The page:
Afghanistan remains one of the most complex humanitarian situations in the world.
Some 3.5 million people are internally displaced by conflict, as well as 2.3 million refugees & asylum-seekers from Afghanistan in neighbouring countries.
Footage: © UNHCR
Following more than 40 years of conflict, natural disasters, chronic poverty, food insecurity and the COVID-19 pandemic, the humanitarian crisis in Afghanistan has reached unprecedented levels. Please help us reach displaced families with urgent aid in Afghanistan.
Stoves and fuel
to cook meals, generate heat and dry wet clothing
to protect a family from the harsh elements
Emergency cash assistance
to help families access food and medicine
What is the situation in Afghanistan?
The people of Afghanistan have lived with conflict for more than four decades. Entire generations have never known peace and millions remain displaced.
Renewed violence and instability, alongside severe drought and economic crisis, have created an unprecedented humanitarian crisis. There are currently almost 2.3 million refugees and asylum-seekers from Afghanistan, in addition to the 3.5 million internally displaced persons (IDPs) within Afghanistan.
Many fled with very few belongings and are struggling to survive in appalling conditions, living in flimsy shelters. UNHCR is on the ground and doing everything possible to deliver relief, but urgently needs public support to help it reach families in desperate need.
How is aid getting into the country?
By road and by air. Throughout the crisis, UNHCR has continued to get humanitarian supplies into the country through the Pakistan border. When needs increased after August, UNHCR opened a new road route in the north from Uzbekistan.
Is aid reaching the people who need it?
Yes. As well as emergency shelter, families have been provided with essentials like cooking sets, blankets and hygiene supplies. These supplies have helped people to survive, but the worsening economic situation means lives remain in the balance.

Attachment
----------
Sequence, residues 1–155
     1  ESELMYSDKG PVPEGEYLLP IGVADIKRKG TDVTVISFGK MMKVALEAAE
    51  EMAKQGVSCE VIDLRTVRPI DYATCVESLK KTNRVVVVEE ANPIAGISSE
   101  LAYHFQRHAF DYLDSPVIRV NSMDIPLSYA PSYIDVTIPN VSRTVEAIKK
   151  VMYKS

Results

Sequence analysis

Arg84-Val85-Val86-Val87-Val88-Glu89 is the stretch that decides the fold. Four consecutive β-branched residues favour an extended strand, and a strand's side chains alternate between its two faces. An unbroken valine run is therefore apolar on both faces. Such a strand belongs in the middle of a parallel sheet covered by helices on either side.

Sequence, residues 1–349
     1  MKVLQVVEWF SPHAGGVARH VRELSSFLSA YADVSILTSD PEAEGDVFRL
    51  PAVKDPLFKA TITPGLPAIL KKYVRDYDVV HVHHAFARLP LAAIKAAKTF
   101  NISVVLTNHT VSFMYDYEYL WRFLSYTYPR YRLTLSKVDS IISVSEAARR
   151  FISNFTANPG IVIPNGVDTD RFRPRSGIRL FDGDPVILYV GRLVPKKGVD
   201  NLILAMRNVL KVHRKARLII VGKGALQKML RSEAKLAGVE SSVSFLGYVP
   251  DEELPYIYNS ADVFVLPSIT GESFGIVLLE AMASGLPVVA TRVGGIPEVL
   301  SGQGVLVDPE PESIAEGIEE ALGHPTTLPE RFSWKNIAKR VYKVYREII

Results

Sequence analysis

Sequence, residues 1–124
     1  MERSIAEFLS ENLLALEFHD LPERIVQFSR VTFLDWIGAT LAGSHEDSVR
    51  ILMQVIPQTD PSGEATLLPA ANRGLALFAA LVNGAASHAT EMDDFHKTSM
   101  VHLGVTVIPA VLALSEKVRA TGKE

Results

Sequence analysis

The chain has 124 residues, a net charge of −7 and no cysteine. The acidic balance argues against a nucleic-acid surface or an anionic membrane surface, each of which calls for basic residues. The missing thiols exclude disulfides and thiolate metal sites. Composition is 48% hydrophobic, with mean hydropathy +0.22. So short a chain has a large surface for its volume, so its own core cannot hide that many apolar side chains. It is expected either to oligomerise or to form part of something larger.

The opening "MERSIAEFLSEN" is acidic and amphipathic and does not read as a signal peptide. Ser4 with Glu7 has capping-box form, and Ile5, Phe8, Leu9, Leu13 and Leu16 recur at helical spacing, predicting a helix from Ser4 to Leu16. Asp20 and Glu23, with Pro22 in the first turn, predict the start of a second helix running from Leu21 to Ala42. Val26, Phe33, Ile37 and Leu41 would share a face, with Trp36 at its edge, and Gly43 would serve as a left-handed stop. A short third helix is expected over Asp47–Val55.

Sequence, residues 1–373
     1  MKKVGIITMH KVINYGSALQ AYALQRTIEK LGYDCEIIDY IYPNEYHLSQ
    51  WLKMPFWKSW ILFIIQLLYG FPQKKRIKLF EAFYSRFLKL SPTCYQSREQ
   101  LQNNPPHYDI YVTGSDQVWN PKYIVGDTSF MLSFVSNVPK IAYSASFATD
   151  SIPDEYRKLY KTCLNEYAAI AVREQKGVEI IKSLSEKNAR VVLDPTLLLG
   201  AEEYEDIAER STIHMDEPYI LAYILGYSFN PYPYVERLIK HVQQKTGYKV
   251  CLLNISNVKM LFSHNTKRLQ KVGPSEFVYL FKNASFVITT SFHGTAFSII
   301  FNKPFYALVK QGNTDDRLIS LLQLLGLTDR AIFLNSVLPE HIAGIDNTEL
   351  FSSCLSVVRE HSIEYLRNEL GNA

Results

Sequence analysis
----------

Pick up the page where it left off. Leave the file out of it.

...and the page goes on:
On 22 June, a 5.9 magnitude earthquake struck the Central Region of Afghanistan. Following the earthquake, UNHCR and other agencies assessed the area and found extensive damage to houses, absence of basic services such as water, education, health, electricity, access roads in the remote locations and lack of viable livelihood opportunities.
In response, UNHCR has distributed 1,600 tents and non-food item kits benefiting a total of 11,200 affected individuals in Khost and Pakitka provinces. UNHCR also distributed 1,500 dignity kits to the two affected provinces for 10,500 vulnerable women and girls.
Is the new government confiscating UNHCR humanitarian supplies?
No. UNHCR aid shipments are reaching their intended recipients. Filippo Grandi, UN High Commissioner for Refugees, visited Kabul in September. After talks with the interim government he said: “I welcomed their commitments to provide security and enable humanitarian access throughout the country. They recognized the needs and thanked the UN for providing help to Afghans.”
What is UNHCR doing to help women and girls?
UNHCR has advocated strongly for the protection of the rights of all Afghan women and minorities, and to ensure female staff can continue to work safely. As long as it’s possible to do so, UNHCR will stay and deliver in Afghanistan and continue to support women, children and men, as it has done for over 40 years.
Where have displaced Afghans fled to?
Most displacement in 2021 and 2022 has been internal – Afghan civilians are being forced to flee their homes and seek refuge in other parts of the country.
Outside Afghanistan, Iran and Pakistan have generously hosted Afghan refugees for several years and granted them access to health and education systems.
UNHCR welcomes these governments’ continued commitments to hosting asylum-seekers amidst the added health and socio-economic challenges of COVID-19.
Where can I access the latest data and reports?
Afghanistan Situation Portal – for the latest updates on the situation overall, including UNHCR situation reports, funding requirements and UNHCR’s support for neighbouring countries taking in refugees from Afghanistan.
Afghanistan Operations – for the latest on UNHCR’s relief work to protect displaced people inside Afghanistan.
Did you know more than 65 percent of Afghanistan’s 35 million people are young people?
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UNHCR’s Representative in Afghanistan, Caroline Van Buren, describes the current situation in the country and how our staff and partners are helping displaced people.